2 analyses were used for continuous and categorical variables, respectively.
Second, differences in CMV status by HbA1c and fasting glucose levels and diabetic status were explored using binary logistic regressions. CMV status was entered as the dependent variable, and each factor was entered, in turn, as an independent variable. Potential confounders known to impact CMV infection and reactivation, including age, sex, marital status, SES (job status, manual occupation), and lifestyle factors (smoking, alcohol intake, BMI, and physical activity) [30–32], were statistically controlled in hierarchical models (Models 1–3): Model 1 was adjusted for age and sex; Model 2 was Model 1 additionally adjusted for marital status and SES (job status and manual occupation); and Model 3 was Model 2 further adjusted for smoking, alcohol, BMI and physical activity. These models were entered stepwise as covariates throughout the remaining analyses.
Third, numbers of CD8+ EM and EMRA T cells were compared between levels of glycaemic control (indicated by diabetic classification) using ANOVA and ANCOVA. These analyses were stratified by CMV status and the abovementioned potential confounders were entered as covariates (Models 1–3).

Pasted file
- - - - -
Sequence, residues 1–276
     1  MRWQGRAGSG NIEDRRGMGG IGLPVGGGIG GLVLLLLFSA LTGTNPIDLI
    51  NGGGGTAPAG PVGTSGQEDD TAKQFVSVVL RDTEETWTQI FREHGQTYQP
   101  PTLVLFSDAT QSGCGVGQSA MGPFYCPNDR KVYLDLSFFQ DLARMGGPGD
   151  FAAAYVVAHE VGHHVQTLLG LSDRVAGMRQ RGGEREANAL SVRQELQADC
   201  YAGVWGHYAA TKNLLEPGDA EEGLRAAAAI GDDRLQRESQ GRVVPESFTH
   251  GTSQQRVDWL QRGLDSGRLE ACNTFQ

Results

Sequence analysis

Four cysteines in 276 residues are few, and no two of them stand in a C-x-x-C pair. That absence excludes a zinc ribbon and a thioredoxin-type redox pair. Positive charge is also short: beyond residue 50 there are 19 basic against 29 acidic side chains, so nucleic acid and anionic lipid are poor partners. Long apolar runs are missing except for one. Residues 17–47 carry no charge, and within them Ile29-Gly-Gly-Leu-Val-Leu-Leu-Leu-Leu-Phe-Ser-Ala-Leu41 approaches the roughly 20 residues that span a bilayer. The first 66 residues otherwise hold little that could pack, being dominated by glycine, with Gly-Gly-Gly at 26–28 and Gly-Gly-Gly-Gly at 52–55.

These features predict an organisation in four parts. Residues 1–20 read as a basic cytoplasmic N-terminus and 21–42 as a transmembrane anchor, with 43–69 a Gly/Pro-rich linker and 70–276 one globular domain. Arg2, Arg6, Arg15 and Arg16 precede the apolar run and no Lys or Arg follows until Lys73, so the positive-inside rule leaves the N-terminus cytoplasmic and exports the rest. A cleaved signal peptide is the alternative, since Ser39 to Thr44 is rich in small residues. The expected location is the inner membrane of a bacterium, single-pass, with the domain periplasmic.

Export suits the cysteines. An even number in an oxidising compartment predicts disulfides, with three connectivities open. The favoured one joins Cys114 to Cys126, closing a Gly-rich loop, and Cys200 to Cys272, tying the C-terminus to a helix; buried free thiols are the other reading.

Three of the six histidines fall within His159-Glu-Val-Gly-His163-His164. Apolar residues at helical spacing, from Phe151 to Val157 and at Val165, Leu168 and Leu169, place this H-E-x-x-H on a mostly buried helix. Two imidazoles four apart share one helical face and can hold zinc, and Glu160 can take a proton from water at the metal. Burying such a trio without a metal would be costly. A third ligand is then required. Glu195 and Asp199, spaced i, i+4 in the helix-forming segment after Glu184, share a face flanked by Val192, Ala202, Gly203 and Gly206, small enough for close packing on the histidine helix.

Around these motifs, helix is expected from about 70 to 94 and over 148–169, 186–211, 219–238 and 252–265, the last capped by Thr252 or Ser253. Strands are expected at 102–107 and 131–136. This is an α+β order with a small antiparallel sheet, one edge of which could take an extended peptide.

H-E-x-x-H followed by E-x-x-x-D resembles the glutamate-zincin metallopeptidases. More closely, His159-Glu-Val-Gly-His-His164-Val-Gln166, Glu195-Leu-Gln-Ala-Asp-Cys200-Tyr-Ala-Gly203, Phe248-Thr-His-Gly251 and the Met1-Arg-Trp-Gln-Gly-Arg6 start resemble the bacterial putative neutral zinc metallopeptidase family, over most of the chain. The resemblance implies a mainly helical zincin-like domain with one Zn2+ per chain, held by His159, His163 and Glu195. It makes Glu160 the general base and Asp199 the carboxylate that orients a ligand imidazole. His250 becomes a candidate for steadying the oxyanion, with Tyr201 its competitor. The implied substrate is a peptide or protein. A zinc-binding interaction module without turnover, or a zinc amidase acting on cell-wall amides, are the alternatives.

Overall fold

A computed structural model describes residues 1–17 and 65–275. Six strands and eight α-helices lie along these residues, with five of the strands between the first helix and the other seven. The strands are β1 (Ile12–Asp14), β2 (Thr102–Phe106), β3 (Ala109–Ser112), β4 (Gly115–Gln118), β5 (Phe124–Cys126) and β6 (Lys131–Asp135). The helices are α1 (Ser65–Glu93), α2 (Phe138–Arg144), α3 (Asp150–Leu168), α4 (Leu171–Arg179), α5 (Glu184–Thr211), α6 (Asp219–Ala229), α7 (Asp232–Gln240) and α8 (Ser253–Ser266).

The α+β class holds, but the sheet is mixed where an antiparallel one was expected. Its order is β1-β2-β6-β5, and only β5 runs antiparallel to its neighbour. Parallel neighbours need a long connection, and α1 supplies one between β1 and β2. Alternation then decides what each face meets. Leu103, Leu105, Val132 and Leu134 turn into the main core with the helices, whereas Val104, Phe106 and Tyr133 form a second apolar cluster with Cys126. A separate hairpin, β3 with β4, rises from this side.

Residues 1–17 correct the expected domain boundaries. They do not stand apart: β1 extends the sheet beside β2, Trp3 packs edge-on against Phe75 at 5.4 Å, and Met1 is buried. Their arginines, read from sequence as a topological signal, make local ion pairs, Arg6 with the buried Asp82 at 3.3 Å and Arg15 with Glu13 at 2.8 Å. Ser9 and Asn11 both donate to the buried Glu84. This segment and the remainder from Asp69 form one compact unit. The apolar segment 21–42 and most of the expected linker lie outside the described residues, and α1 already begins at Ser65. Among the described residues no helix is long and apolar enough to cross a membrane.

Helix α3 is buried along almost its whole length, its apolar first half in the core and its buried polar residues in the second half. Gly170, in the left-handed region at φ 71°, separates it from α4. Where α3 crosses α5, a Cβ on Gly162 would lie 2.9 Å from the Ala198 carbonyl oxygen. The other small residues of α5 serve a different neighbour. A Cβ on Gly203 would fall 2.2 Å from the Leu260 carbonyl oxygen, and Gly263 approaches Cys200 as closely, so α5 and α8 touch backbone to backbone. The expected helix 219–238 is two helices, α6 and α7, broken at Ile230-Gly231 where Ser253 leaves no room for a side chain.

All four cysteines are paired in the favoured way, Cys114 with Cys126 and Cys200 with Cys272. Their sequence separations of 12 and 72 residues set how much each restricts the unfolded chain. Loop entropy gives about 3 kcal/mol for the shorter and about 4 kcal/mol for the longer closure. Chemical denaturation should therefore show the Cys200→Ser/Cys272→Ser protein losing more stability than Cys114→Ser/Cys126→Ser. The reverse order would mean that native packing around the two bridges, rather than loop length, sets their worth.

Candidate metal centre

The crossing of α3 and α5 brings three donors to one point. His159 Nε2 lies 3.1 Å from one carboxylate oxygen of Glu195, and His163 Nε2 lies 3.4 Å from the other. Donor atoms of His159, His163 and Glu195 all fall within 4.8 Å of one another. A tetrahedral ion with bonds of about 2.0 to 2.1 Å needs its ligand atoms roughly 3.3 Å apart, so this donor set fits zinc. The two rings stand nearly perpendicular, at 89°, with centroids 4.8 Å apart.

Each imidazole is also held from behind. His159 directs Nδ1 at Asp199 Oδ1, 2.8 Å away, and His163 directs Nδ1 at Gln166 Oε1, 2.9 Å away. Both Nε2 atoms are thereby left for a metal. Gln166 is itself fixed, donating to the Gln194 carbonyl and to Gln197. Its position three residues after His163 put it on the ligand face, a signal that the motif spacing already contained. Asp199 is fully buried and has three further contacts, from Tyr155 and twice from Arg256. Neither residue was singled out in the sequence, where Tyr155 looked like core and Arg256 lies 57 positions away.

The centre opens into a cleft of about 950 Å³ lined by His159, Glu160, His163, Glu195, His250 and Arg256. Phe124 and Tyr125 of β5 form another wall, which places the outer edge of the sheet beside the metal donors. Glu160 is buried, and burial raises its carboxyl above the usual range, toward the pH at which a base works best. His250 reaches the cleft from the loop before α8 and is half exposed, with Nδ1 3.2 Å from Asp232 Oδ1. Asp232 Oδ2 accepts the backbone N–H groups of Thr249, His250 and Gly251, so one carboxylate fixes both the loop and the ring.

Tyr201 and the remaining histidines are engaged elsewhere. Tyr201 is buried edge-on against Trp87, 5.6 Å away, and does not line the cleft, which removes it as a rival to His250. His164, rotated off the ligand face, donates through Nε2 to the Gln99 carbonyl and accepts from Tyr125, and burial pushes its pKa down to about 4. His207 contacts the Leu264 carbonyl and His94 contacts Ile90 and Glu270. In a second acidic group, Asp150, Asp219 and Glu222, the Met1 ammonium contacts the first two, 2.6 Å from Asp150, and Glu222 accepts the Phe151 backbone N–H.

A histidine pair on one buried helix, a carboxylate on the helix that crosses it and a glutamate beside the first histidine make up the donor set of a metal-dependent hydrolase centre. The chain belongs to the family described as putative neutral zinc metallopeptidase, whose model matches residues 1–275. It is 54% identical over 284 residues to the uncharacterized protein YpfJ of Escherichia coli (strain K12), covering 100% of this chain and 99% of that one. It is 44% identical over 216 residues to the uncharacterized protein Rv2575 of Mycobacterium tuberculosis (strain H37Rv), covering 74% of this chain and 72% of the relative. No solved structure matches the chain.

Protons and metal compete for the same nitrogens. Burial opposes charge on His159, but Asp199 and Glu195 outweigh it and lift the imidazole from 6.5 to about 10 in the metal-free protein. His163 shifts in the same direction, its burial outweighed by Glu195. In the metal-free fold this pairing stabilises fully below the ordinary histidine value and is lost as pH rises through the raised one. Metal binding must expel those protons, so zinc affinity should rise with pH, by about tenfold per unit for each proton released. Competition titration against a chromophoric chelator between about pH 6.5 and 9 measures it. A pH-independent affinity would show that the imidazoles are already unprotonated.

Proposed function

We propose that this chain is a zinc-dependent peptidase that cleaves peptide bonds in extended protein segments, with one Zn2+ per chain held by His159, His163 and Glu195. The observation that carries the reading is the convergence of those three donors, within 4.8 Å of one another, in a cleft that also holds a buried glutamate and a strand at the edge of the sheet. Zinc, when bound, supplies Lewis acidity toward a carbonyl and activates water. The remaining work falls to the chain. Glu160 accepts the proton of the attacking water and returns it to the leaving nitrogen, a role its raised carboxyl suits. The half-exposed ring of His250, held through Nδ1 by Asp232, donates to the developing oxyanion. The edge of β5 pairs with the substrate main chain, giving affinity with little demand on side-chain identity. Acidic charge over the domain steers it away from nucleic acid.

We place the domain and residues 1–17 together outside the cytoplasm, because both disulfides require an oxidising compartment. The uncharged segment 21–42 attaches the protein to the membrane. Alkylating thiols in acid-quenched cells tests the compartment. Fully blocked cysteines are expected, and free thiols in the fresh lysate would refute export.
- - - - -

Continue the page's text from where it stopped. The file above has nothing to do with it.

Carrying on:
Finally, separate linear regressions were used to explore the individual associations of HbA1c and fasting glucose levels with EM and EMRA T cell subset numbers. Potential confounders were entered as covariates using the same models as above.
The above analyses were repeated with each of the dyslipidaemia and CVD risk factors (i.e. total cholesterol, LDL-C, HDL-C, the LDL-C to HDL-C ratio and triacylglycerol) entered separately as independent predictors of EM and EMRA T cell subset numbers. For significant associations, HbA1c was added as a potential mediator to examine the role of glucose levels on lipid metabolism. All analyses were performed with IBM SPSS version 20.